On Fri, Jun 8, 2012 at 6:38 PM, Steve Graham <jsgrahamus@yahoo.com> wrote:
I'm looking for a lisp/scheme which can:
1) Output C code for the application

That's ok with ECL
2) Can trim unused part (tree shake?) of the compiler/interpreter
which is not needed by the app itself. 

ECL is not a compiler/interpreter. It is a library. Just like your C library. So when you link your application with it, you link it with the Common Lisp library.

The problem is that right now ECL is not yet organized as a C library in the sense that when you link with it, you get all of Common Lisp, not just the bits that your application uses. This is so because the original target was a shared library, which saves memory by being shared by as many components as possible (as it happens with your C library)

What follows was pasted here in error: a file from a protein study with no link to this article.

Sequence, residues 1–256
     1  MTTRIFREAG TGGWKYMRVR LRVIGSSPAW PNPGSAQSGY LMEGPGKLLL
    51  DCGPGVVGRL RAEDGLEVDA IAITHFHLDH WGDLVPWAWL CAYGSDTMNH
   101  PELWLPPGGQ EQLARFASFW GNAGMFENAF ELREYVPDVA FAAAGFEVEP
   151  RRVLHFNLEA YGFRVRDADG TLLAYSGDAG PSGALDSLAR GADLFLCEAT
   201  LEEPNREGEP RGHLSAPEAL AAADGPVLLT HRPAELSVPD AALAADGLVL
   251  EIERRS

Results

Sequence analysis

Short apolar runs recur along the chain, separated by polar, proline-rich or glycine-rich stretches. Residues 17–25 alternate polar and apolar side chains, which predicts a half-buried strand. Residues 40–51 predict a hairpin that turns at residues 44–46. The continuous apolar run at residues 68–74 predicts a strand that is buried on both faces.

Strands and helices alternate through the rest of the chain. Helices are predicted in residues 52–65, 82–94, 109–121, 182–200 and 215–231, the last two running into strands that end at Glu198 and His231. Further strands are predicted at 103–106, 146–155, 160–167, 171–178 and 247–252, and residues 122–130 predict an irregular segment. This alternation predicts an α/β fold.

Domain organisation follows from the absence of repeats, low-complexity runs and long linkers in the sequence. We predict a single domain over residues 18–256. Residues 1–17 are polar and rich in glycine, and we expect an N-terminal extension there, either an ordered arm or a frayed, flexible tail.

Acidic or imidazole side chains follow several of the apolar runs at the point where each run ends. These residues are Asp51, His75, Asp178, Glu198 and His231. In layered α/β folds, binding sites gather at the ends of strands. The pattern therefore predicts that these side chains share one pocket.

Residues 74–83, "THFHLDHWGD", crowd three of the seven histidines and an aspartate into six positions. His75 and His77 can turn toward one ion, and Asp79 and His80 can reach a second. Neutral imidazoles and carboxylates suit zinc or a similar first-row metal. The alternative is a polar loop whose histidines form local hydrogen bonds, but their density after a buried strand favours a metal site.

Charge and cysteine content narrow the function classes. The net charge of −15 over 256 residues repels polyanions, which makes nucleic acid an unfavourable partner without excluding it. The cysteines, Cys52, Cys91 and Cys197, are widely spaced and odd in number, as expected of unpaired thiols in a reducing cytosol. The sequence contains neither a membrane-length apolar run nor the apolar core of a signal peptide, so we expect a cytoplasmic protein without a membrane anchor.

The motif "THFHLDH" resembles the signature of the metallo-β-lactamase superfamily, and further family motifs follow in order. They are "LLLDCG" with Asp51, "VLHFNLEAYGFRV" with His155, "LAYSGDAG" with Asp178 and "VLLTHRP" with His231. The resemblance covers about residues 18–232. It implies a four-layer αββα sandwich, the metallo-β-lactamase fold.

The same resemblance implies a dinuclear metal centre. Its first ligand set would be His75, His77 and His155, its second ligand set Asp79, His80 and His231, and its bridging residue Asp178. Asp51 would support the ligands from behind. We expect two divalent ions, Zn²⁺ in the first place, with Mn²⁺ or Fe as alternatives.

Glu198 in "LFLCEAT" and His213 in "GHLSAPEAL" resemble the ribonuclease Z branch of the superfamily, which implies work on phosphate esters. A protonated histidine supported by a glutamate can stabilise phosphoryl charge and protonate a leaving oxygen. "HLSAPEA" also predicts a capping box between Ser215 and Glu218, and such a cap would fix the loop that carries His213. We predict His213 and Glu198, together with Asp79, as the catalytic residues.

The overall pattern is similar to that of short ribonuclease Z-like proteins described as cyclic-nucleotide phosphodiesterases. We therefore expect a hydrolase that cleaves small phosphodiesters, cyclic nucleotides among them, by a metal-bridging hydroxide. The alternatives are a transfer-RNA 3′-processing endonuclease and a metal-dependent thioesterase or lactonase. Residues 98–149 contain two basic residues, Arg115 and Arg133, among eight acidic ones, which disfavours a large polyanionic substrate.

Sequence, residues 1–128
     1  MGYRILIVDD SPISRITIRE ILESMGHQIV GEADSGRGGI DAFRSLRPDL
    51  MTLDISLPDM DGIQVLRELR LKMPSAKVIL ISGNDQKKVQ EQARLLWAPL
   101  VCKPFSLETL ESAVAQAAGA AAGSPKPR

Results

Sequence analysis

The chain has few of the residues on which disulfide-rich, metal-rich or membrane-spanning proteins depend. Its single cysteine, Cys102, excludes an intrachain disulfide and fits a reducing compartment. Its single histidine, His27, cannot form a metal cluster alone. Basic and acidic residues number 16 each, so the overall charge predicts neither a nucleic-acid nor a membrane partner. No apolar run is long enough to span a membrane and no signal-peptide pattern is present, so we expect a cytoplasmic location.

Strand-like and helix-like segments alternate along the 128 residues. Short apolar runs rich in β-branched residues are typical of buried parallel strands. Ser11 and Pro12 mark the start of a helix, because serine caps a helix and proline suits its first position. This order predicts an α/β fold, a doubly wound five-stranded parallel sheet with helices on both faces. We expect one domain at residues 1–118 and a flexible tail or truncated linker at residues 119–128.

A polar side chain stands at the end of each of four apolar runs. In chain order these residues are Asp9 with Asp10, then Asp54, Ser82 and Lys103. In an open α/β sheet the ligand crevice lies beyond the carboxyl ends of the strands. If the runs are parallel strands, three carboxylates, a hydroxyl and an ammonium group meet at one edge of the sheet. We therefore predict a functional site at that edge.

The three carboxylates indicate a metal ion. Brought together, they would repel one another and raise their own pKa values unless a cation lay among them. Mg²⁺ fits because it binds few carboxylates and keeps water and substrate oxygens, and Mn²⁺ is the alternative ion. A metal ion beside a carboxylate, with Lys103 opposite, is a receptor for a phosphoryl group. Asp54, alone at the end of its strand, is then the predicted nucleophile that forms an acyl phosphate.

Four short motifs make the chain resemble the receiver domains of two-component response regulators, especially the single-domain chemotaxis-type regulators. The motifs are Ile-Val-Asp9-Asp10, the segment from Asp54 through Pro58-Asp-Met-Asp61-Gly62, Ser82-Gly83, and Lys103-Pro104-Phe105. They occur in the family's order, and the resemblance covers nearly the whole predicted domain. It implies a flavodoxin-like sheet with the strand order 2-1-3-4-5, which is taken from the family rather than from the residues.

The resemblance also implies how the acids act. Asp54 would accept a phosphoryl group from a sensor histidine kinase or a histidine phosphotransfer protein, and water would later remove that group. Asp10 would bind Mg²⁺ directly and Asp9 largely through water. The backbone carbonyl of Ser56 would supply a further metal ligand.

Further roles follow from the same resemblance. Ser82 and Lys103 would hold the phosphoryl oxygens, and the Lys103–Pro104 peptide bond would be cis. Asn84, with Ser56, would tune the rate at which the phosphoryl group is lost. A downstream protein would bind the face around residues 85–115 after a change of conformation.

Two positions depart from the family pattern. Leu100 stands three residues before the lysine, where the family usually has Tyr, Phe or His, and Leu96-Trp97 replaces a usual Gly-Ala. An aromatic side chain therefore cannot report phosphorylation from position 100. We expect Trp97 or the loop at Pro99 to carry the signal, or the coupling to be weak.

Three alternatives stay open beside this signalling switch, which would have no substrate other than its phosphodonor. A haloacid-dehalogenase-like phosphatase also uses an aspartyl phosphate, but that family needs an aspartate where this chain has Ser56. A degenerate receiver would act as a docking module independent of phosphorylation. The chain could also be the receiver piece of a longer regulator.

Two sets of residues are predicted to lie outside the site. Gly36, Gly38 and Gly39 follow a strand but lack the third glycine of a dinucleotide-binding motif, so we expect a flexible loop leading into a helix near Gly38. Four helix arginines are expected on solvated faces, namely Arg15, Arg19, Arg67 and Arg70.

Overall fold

What would prevent this link-time optimization is currently the list of symbols that ECL has to build. Common Lisp demands that a number of symbols be bound to the functions that they represent. ECL does not know how many symbols you might use during your application's run and thus it has to bind all symbols and functions that belong to the Common Lisp library: you get all of it.

I would go as far as to argue that what you demand is impossible. The following program apparently uses only two functions, but it has access to the whole Common Lisp library

(loop for form = (read *standard-input* nil nil nil)
   while form
   do (eval form))

Even without the evaluator, things are tricky

(loop for symbol = (read *standard-input* nil nil nil)
   while (and symbol (symbolp symbol))
   do (funcall symbol))

this does not use the interpreter, yet it may invoke any function that is named by the Common Lisp package.


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